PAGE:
The Relationship Between Oppressions: Silence Gives Consent

The unequal society that we live in runs on systems of prejudice against race, and gender; the systems are maintained and perpetuated by the domination and subordination of particular groups of people: males over females, whites over people of color.  When this way of life is challenged, conflicts are sure to occur, sometimes in the form of outright disrespect, which some believe has been exemplified in  South Carolina Representative Joe Wilson’s affront to President Obama.  The “You lie” outrage has led some, like former president Jimmy Carter, and New York Times columnist, Maureen Dowd, to argue that Wilson’s retort was painted all over with racist colors, while others such as David Brooks try to maneuver our focus away from race and claim that the conflict we see now is just an instance of the age-old struggle between the “progressive elite” and “rural white populists.”

Regardless, it is true that many in America still cannot accept the reality of being governed by a black president, and thus view the president very critically.  If he’s angry, he plays into racist stereotypes about black men.  If he’s too calm and collected, he’s labeled ineffective or a weak leader.  Uncannily, this treatment is akin to the oppression many women in the workplace, particularly those in high positions of power, experience as well.  Those who are assertive and aggressive are either classified as pushy, manipulative, power-hungry, or even trying to be like men; those who embrace “female attributes” are perceived as “too soft,” and unfit for management positions and high office.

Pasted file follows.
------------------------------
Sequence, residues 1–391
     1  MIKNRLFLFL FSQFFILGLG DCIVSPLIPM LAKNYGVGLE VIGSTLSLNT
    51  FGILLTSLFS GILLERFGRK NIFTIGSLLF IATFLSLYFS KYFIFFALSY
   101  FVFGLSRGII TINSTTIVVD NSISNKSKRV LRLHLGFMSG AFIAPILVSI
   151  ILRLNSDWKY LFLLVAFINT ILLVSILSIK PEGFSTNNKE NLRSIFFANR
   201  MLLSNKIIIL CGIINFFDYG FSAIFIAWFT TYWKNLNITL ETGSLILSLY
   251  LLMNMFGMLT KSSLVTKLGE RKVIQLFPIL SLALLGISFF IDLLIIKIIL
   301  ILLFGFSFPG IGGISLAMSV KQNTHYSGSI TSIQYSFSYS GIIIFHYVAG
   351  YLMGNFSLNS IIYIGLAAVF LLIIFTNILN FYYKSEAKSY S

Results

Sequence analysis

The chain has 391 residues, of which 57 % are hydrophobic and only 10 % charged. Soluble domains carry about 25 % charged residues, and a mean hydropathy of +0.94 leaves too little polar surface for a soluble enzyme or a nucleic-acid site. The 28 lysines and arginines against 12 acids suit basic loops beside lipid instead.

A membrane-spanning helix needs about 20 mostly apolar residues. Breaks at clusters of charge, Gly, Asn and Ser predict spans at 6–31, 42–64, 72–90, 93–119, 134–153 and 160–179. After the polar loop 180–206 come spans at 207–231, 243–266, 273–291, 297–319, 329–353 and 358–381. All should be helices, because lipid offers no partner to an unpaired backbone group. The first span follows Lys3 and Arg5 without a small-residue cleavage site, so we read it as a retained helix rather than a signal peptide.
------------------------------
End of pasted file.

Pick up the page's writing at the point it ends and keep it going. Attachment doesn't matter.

No single human can be charged with the creation of oppressive systems that we live in today, because all these manifestations of oppression (as seen in racism and sexism) are products of socialization, meaning we have internalized all of these habits and thoughts that enforce the system of oppression since birth.  What we can do is build a “liberatory consciousness” which is actively alert and critical of prejudiced thinking and behavior.  As Maureen Dowd’s article quotes:

“A lot of these outbursts have to do with delegitimizing him as a president,” said Congressman Jim Clyburn, a senior member of the South Carolina delegation. Clyburn, the man who called out Bill Clinton on his racially tinged attacks on Obama in the primary, pushed Pelosi to pursue a formal resolution chastising Wilson.  “In South Carolina politics, I learned that the olive branch works very seldom,” he said. “You have to come at these things from a position of strength. My father used to say, ‘Son, always remember that silence gives consent.’”

“Silence gives consent.”  We shall not be silent against oppressive acts of prejudice, whether they spring from bigotry based on race, sex, age, sexual orientation, ability, or anything else.

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